Lightning plays the odds in Coleman trade

by Gary Shelton on February 17, 2020

in general

BriseBois pulled the trigger for the Lightning./(Tampa Bay Lightning/Scott Audette)

Monday, 4 a.m.

Perhaps it will work. Perhaps it will reinvigorate the Lightning. Perhaps it will convince the players that management is doing all it can to put together a championship team.

And perhaps it won't.

That's the risk to any trade, isn't it? A team makes one of these push-it-over-the-top deals, and more often than not, it doesn't get there. Sometimes, the young prospect traded away becomes special, and fans rue the day he was bartered away.

On the other hand, wouldn't you rather your team did something other than sit on its hands? Don't you like aggression more than being safe? Don't you like going for it?

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That's where we are with the Tampa Bay Lightning, who traded for forward Blake Coleman Sunday. It was an all-in move, a move designed to provide one last grand push to help it through the playoffs. Coleman is having a heck of a year, with 21 goals. The Bolts have a reason to think that this might work.

But will it?

Hey, history is full of win-right-now moves, and a lot of them don't cement a team's ambitions. But sometimes, one does. Sometimes, a player is the final piece of the puzzle.

"There aren't too many stars that bring as much value as he does that come with a cap hit of $1.8 million," said Lightning general manager Julien BriseBois. "Like I said, I like our team. I believe in this group, and now I think we're just all stronger because we've added Blake Coleman. Not only will he make us a better, more competitive team this year, but he'll also make us a better, more competitive team next year as well.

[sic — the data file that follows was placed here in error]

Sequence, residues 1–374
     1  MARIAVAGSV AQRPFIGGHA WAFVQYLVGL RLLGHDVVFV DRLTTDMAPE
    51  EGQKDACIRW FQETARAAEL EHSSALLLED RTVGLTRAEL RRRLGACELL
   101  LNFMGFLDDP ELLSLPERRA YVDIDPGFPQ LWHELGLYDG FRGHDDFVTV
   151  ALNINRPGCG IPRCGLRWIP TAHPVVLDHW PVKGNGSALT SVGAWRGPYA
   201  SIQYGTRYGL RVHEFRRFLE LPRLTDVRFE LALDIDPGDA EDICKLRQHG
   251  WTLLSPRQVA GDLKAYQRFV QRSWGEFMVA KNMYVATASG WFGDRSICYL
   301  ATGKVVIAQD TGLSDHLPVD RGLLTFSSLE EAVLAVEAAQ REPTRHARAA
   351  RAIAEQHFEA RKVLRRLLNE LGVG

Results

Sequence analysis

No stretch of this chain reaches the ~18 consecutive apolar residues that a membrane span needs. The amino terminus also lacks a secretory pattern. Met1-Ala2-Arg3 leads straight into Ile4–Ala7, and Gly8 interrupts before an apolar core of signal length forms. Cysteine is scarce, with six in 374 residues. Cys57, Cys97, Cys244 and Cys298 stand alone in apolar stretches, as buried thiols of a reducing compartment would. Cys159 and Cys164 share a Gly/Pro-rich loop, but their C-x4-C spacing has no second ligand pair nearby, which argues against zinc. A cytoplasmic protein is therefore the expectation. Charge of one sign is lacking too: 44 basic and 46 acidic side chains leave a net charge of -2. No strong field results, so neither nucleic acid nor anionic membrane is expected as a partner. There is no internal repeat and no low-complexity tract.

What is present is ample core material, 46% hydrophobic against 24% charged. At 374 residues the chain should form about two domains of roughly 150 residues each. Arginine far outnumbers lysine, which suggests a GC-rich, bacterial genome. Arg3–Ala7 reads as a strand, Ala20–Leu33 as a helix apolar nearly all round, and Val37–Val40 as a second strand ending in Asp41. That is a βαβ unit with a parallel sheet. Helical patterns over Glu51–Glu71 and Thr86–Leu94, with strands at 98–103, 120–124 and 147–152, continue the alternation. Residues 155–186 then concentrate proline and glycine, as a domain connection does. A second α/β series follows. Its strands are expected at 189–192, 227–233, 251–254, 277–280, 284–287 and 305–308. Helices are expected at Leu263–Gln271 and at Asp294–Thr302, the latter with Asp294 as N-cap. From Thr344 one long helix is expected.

"What I felt we could not afford to do is (not) give this group of players every chance to have as good a spring as possible."

This was a strong move for a franchise, and a bold one for a general manager. With this move, BriseBois looked very Steve Yzerman-like. That's a good sign, too.

Yes, Nolan Foote is a nice prospect, a guy who may one day be something, a guy who is a really big deal in Kelowna. But sometimes, what you have isn't quite enough. What you have needs bolstering. That's where the Lightning is. Bad general managers make too many moves. Short-timers don't make any. But the prudent ones make the rare deal, and the right one.

A story. In 2004, the Lightning was on its way to being a pretty good darned hockey team. But at the trade deadline, Jay Feaster pulled the trigger on a trade for defenseman Daryl Sydor.

That night, on the team bus, forward Dave Andreychuck walked past Feaster's seat. He reached down and laid his hand on Feaster's shoulder, a silent but effective way of saying "you done good, buddy." And Feaster had. It helped solidify the Bolts' defense on their way to the cup.

Now, maybe the Lightning has done it again. They've traded in a lot of tomorrows for a few this year. Coleman plays a good defensive game himself. That could help. He'll help the depth scoring. He'll help the winning nights continue.

Granted, nothing is certain. The Lightning could have won the title without Coleman. With him, they might not.

"You can never have too many good players," BriseBois said. "Coleman is going to fit great into our group. He's a speedy, powerful skater. He's a relentless puck hound. He's a super competitive guy. He blocks shots, he hits, he scores. He plays a heavy game. He's just a really good complement to the group of players we already have."

But professional sports is about a team improving its odds. The Lightning seems to have done that for the short term. This year's team is better today than it was yesterday.

And isn't that the point?

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